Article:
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Megafauna Monday: Dromornis stirtoni

By , 14 October 2013

Fossil cast of a Dromornis stirtoni skeleton.

Dromornis stirtoni were the largest birds ever known to have lived.
Image: Kevmin/Wikimedia Commons/CC-BY-SA

Welcome to Megafauna Monday, where we help you chase away the post-weekend blues by showcasing some of the mighty beasts that once roamed the planet. Today it’s about the biggest bird of them all!


Fast facts

Scientific name: Dromornis stirtoni

Lived: about 15 million years ago. Fossils of these big birds have only been found in the Northern Territory.

Ate: Some paleontologists think the large beak means Dromornis stirtoni ate meat. However, others think they ate plants. They may have eaten both.

Claim to fame: the largest birds ever known to have lived. They grew up to three metres tall and weighed more than 500 kilograms!

Modern day equivalent: Dromornis stirtoni were probably related to modern day geese.

More information

While the largest mammals to live in Australia evolved relatively recently (just over a million years ago), the birds got a bit of a head start. The largest bird ever known to have lived (not just in Australia, but the world) was Dromornis stirtoni. Growing up to three metres tall and weighing in at more than 500 kilograms, this bird roamed the subtropical open woodlands in what is now the Northern Territory around 15 million years ago.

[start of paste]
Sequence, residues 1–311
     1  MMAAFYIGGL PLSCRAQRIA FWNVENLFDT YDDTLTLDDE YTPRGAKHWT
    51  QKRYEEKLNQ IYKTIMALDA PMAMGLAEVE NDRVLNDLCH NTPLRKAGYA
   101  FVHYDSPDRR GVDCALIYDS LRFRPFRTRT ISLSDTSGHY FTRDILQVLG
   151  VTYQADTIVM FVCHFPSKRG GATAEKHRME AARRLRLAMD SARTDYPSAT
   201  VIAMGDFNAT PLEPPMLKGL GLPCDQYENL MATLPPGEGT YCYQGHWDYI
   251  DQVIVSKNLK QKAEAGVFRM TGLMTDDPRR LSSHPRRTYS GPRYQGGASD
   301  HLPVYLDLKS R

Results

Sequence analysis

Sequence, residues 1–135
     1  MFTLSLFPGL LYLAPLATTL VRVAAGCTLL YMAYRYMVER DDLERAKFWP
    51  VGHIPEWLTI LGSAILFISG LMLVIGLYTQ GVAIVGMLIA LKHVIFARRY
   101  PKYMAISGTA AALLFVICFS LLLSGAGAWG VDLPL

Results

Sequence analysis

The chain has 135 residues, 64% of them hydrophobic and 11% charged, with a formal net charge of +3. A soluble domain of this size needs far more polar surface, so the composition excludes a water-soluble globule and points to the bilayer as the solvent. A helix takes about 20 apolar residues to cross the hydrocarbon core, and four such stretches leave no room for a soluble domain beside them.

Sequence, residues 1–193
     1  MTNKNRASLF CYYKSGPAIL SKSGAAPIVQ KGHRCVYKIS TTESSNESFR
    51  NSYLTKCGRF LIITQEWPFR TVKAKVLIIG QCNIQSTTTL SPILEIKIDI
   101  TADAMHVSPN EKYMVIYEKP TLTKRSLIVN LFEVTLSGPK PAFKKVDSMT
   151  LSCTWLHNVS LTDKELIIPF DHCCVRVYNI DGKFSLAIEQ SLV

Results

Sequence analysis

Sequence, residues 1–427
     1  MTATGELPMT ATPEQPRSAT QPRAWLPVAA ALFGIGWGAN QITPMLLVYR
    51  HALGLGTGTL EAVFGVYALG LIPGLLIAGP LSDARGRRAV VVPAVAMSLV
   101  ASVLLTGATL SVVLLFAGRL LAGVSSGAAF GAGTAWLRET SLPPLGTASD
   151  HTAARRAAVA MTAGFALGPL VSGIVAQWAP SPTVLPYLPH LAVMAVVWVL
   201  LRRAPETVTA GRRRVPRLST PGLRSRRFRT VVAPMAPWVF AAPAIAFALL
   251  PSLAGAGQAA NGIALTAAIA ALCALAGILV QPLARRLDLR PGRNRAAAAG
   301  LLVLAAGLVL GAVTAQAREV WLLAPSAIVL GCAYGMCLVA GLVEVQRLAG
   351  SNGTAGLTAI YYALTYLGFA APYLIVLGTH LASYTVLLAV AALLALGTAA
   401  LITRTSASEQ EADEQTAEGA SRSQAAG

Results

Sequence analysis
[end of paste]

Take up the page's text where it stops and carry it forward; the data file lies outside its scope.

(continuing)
Despite the existence of complete skeletons, there is still some debate surrounding Dromornis stirtoni. When the fossils were first discovered, their large size led paleontologists to think they were related to other big Australian birds such as emus and cassowaries. However, analysis of their anatomy suggests they are actually more closely related to modern day geese.

Another thing that isn’t clear is what Dromornis stirtoni ate. It had a very large, powerful beak. This, combined with its enormous size, has led some paleontologists to conclude it was carnivorous. Other paleontologists point out the beak isn’t hooked, like other carnivorous birds, and that it may have eaten plants. It is possible it was an omnivore, meaning it ate a combination of plants and meat.

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  1. My 5 year old son is going to become hysterically excited when I tell him I found this..

    His hero is David Arrenbutter (attenborough) and wants to become a paleontogologist, though more recently an anthropaleontoglosit when he grows up.

    His passion is constanty changing but is currently Australian MegaFauna and the evolution of Home Sapiens…

    You have just mad ehis day, and mine… because I learn with him 🙂

  2. My year 7 science students will love this!!! They are studying living things at present. Great to have an article on meg fauna – they will be excited!!

  3. It is very amazing lots of information

    YEET ?


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